Here's a look at nine of the biggest races you should be watching in the Chicago area and across the state:
What questions will be on the ballot?
Nearly every election includes some sort of referendum, or questions on a certain topic, and this year is no different. In addition to voting for your candidates of choice, you can weigh in on issues specific to your jurisdiction.
You can find the questions that will be asked of Chicago voters and suburban Cook County voters below:
Not in Cook County? Check your county clerk's website to see a full list of referendum questions as well as a sample ballot.
How to research judges on the ballot
A majority of the names on your ballot this election are judges, who are either running for the first time to fill a vacancy or are up for a retention vote, which is a yes-or-no vote to keep a judge on the court after each term on the bench is up.
Judges in Illinois are elected from specific districts or circuits, not statewide, so the judges on your ballot will be different based on where you live.
This year, there are two vacancies and one retention vote on the Illinois Supreme Court. On the Illinois Appellate Court, there are three vacancies and six retention votes.
Then there's Illinois' circuit court system. The state's 24 judicial circuits deal with millions of legal cases every year, on everything from crime to civil lawsuits, divorce, adoption, eviction, traffic tickets, workers' compensation, wills and more - if it involves the law, it goes through the court system.
There are two types of judges in Illinois' circuit court system: circuit judges, who are elected by voters for a six-year term and then up for a retention vote thereafter, and associate judges, who are appointed by other judges.
In Cook County, two-thirds of the roughly 400 judges are elected - either countywide or on a subcircuit, which is a particular portion of the county, similar to a district. This year, there are 62 judicial retention elections on the ballot in Cook County and dozens more retention votes in other circuits around the state.
There are plenty of resources to help you decide who to vote for and who to retain, including evaluations of each judge by several local bar associations (organizations made up of attorneys). You can find those recommendations on judges' qualifications from organizations like the Chicago Bar Association, the Chicago Council of Lawyers and the Illinois State Bar Association, among several others, on VoteforJudges.org.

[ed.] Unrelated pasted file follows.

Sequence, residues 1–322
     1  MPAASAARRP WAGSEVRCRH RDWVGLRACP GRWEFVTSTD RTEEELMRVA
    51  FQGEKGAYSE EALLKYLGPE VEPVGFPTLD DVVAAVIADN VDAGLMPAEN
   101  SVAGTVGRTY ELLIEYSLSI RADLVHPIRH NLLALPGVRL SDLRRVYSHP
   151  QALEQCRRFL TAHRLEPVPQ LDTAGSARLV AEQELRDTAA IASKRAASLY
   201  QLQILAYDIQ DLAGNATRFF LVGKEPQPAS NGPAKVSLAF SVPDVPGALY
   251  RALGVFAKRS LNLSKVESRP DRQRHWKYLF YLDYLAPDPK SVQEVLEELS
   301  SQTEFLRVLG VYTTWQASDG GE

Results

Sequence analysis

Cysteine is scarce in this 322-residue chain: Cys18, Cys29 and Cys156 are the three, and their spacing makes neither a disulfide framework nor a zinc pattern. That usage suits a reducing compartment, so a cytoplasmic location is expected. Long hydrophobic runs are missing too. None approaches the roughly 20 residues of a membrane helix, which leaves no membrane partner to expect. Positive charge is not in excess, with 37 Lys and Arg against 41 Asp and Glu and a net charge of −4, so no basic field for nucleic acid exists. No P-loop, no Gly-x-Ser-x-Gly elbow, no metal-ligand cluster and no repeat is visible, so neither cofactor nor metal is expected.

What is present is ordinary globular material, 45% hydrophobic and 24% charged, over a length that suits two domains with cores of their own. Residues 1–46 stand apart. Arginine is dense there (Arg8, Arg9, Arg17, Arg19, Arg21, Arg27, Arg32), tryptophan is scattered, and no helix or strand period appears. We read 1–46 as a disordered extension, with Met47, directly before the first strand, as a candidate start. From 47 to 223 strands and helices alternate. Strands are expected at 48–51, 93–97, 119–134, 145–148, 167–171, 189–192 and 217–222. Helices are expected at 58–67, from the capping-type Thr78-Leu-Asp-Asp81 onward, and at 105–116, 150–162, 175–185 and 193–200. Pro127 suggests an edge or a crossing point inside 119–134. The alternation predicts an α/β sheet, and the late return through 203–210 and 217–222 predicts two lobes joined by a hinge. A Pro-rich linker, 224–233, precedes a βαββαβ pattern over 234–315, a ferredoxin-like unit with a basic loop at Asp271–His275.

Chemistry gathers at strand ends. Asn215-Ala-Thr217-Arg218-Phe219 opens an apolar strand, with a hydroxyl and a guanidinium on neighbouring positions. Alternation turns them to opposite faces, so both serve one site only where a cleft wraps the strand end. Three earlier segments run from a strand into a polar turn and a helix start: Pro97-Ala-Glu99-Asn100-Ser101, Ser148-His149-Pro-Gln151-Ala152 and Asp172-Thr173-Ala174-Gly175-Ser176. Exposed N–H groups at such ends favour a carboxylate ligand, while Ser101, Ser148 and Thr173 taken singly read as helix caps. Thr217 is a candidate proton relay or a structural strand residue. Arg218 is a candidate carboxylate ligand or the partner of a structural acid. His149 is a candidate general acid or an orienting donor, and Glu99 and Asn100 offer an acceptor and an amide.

For a more in-depth analysis, Injustice Watch has compiled information on each judge, including which division of the court they're in, any noteworthy cases, a record of reversals of their rulings, how harsh or lenient they tend to be in sentencing, and more.
How to listen to NBC 5's new election podcast
NBC 5 has debuted a new podcast called "The Illinois Voters' Guide” which examines contests and issues about which voters will be making decisions when they fill out their ballots this election.
Phil Rogers talks with reporters working on the station's broadcast and digital teams about important issues, and the people behind them.
In part one, political editor Carol Marin and political reporter Mary Ann Ahern discuss the race for Cook County State’s Attorney, which has been marked by controversial decisions by incumbent Kim Foxx involving actor Jussie Smollett, and the release of hundreds of offenders from Cook County Jail.
Part two is a look at some of the biggest races on the ballot in Illinois this election cycle as well as an exploration of political trends playing out across the state.
Episodes of “The Illinois Voters' Guide” will be released every Thursday ahead of the election. Listen below and wherever you find your podcasts.
What should I bring to vote in person?
If you are taking advantage of grace period registration, you need to bring two forms of ID, one with your address, like a utility bill, bank statement, pay stub, etc.
If you are already registered to vote at your current address, you do not need a government-issued photo ID to vote under Illinois law. But it can be helpful to bring one should any questions about registration, address, signature, or more arise during the voting process.
And if you need notes to help you remember which candidates you want to vote for, go ahead and bring them! You are legally allowed to bring written or printed materials into the voting booth to assist you.
Can I take a ballot selfie?
NO. In Illinois, ballot selfies are prohibited by state law. It's a felony to mark your ballot so another person can see how you voted, carrying a potential prison sentence of one to three years.
State election officials have long said it's "unlikely" anyone would be prosecuted for a ballot selfie, but you should play it safe and take a picture of your "I Voted" sticker or pose next to the polling place sign instead.
What should I do if I run into any problems voting?
While millions of people will cast their ballots without any issues, some may be challenged on their voting eligibility, experience voter intimidation, or have trouble at their polling place.
If you run into any issues at all, or simply have questions about the process, you are encouraged to call the Election Protection hotlines at:
- 1-866-OUR-VOTE (1-866-687-8683): English
- 1-888-VE-Y-VOTA (1-888-839-8682): Spanish/English
- 1-888-API-VOTE (1-888-274-8683): Asian languages/English
- 1-844-YallaUS (1-844-925-5287): Arabic/English
The hotline is run by a nonpartisan coalition of more than 100 organizations, led by the Lawyers' Committee for Civil Rights Under Law.
How to get live Illinois election results
Live Election Day coverage will air on NBC 5 throughout the evening and at 10 p.m. You can also track up-the-minute race results live right here on NBCChicago.com or through the NBC Chicago app, where you can turn on notifications to be the first to know about winners of the biggest races.